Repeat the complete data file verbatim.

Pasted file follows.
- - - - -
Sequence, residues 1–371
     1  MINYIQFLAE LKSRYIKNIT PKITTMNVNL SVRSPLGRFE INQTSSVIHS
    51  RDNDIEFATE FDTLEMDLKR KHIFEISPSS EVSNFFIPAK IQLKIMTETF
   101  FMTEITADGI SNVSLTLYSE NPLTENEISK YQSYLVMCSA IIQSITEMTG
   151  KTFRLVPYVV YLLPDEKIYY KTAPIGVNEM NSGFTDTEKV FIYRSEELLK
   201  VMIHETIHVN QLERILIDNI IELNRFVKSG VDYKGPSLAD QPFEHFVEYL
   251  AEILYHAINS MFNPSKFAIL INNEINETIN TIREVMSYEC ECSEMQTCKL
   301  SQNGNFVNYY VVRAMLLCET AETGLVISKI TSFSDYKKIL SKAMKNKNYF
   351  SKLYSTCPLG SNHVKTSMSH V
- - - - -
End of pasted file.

Sequence, residues 1–371
     1  MINYIQFLAE LKSRYIKNIT PKITTMNVNL SVRSPLGRFE INQTSSVIHS
    51  RDNDIEFATE FDTLEMDLKR KHIFEISPSS EVSNFFIPAK IQLKIMTETF
   101  FMTEITADGI SNVSLTLYSE NPLTENEISK YQSYLVMCSA IIQSITEMTG
   151  KTFRLVPYVV YLLPDEKIYY KTAPIGVNEM NSGFTDTEKV FIYRSEELLK
   201  VMIHETIHVN QLERILIDNI IELNRFVKSG VDYKGPSLAD QPFEHFVEYL
   251  AEILYHAINS MFNPSKFAIL INNEINETIN TIREVMSYEC ECSEMQTCKL
   301  SQNGNFVNYY VVRAMLLCET AETGLVISKI TSFSDYKKIL SKAMKNKNYF
   351  SKLYSTCPLG SNHVKTSMSH V